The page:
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  Geotimes - October 2007 - Comment

Coastal Development: The Galveston Case, Part I
Jim Gibeaut

Even following the disastrous 2005 hurricane season, barrier islands remain under increasing pressure from development in Texas and elsewhere. The pressure is typically from those who don’t yet have their home by the shore (but want one), individuals investing in vacation properties and governments seeking to grow local economies and expand their tax base. And there are always developers ready to fulfill these desires and push the envelope of what is prudent for the community with regard to the impact of storms, sea-level rise and erosion. Local governments should manage their islands with an eye toward minimizing the impacts of these hazards. In so doing, they will also be practicing wise long-term economic and environmental policies for their islands and the rest of the country by decreasing the cost of the inevitable post-disaster response and recovery. Alas, we all know that is a fantasy. This case is magnified in Galveston, Texas.

Geologists know that if one were to create a natural hazards map of the entire United States using about six levels of hazards, then the entirety of most barrier islands would be colored bright red as most dangerous. But we can talk until we are blue in the face and development will still continue to expand and fill in many of these islands, and risky redevelopment after storms will continue. Preaching “abstinence only” will not work; therefore, we should also focus on providing the public and policymakers with the tools to manage these islands.

Nothing beats a map for focusing the collective attention of government, residents, the press and developers on the realities of geohazards facing a barrier island community. We recently completed such a map of Galveston Island for the City of Galveston. The map draws lines in the sand surrounding areas that vary in their susceptibility to, and function for, mitigating the effects of geological processes. For Galveston, these processes include sea-level rise, land subsidence, erosion and storm-surge flooding and washover. Importantly, the mapping recognizes that sea-level rise and shoreline retreat are changing the island; therefore, 60-year model projections of the effects of these changes are incorporated into the map.

The Galveston Island Geohazards Map draws on decades of geological knowledge of how barrier islands behave and puts it in a form that is intuitive to the public and directly useful to planners. Some of the “messages” in the map include: leave salt marshes alone and give them room to migrate inland as sea level rises; set back and move development away from the shoreline to provide space for beaches and protective dunes to form; and steer away from particularly low and unprotected areas subject to flooding and washover. No surprises here for geologists, and I am willing to bet the vast majority of barrier island stakeholders have heard these messages over and over again. The difference the map makes is that it is a tangible link from our knowledge to the issues on the ground, and if one group wants to ignore that knowledge another can raise the map and start talking about the consequences.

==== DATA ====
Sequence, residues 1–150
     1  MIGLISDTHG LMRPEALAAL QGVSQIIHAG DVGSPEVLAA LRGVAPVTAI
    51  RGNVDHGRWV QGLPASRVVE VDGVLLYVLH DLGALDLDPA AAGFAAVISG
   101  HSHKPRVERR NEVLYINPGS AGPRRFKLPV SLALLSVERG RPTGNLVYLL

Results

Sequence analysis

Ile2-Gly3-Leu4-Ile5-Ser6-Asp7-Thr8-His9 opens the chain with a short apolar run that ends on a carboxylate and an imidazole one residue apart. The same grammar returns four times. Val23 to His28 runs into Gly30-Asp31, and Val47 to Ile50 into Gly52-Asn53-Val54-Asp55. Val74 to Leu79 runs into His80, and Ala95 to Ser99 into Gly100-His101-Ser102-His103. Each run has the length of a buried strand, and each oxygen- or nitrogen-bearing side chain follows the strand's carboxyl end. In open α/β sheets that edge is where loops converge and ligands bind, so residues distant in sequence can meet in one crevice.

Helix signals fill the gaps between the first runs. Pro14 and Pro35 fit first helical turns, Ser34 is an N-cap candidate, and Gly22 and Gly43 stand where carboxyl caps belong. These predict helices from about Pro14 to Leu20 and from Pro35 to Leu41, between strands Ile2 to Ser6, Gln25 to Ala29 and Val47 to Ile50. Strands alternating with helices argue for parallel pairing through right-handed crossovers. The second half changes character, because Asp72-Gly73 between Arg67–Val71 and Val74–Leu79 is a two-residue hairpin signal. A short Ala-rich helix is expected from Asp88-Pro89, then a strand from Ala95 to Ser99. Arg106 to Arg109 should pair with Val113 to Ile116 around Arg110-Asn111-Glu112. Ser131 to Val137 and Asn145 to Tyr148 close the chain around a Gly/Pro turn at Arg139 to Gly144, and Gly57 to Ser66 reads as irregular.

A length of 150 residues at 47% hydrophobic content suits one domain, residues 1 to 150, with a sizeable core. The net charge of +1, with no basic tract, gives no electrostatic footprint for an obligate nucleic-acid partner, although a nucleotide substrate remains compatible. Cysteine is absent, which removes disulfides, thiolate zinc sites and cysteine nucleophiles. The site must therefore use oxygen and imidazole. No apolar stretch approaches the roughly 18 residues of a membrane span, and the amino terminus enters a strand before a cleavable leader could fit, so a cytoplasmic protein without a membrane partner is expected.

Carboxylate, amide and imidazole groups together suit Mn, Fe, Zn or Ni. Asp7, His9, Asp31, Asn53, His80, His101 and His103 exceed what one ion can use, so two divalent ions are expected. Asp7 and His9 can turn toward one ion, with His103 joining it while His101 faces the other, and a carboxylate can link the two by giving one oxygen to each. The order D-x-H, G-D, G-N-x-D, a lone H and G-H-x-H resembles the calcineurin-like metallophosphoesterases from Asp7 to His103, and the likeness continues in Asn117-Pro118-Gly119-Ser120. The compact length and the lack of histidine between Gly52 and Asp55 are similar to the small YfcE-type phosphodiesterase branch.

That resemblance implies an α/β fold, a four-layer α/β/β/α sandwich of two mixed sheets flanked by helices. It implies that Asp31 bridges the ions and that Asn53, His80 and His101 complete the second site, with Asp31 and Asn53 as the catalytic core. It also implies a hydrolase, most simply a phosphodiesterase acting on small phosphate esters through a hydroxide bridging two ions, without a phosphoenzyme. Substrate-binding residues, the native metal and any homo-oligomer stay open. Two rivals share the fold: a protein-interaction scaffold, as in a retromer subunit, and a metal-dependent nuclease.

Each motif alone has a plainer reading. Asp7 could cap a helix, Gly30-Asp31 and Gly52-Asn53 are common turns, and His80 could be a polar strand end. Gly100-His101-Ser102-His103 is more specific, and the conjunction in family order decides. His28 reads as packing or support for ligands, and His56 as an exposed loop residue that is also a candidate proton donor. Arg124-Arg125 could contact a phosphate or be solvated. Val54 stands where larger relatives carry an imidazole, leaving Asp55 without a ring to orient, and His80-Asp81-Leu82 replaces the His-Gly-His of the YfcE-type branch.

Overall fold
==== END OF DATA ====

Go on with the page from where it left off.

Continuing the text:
How this map will affect the environmental management of Galveston Island is yet to be seen. I can say, however, that in my experience it has already gained more meaningful traction than all the previous talks and reports on the importance to protect “fragile” environments that I know to have passed in front of the community. Some look at the map and say “well, this is only a problem if we don’t do anything to counter the sea.” Yes, beach nourishment, marsh restoration, seawalls and filling to raise the elevation of low areas can mitigate hazards, but the map shows the magnitude of the problem and some of the environmental tradeoffs in relying on an engineering approach.

The projections for change incorporated into the Galveston map do not include effects of increasing rates of sea-level rise as projected by global climate change models. It would be a shame if our efforts to improve how we live along the shore were caught up in the ongoing debate of global warming and the mapping results neutralized. Instead, all we are asking is for people to look at what we have observed during the past 50 to 100 years, project that just 60 years into the future, add a bunch more people to the island and then realize we better start doing things differently.

Of course geologists should continue to speak to barrier island stakeholders on how the current islands were constructed by geological processes acting over thousands of years and about the geologically ephemeral nature of these islands. We can even tell them how it is folly to expand development and to redevelop following storms in the face of global warming. But after you stupefy everyone and leave the room, they will go right back to the practical and immediate development issues at hand. Even if they don’t forget what you said, they will have no way to use your information when debating exactly where and how that new subdivision should be constructed — because in so many cases it will be constructed.

My suggestion: Leave them a geohazards map showing the current situation and changes to expect on a human scale. Stay tuned next month for Part II on coastal development.

Gibeaut is currently endowed associate research professor in the Harte Research Institute for Gulf of Mexico Studies at Texas A&M University at Corpus Christi. The Galveston Island Geohazards Map was developed while he was at the Bureau of Economic Geology of the University of Texas at Austin.

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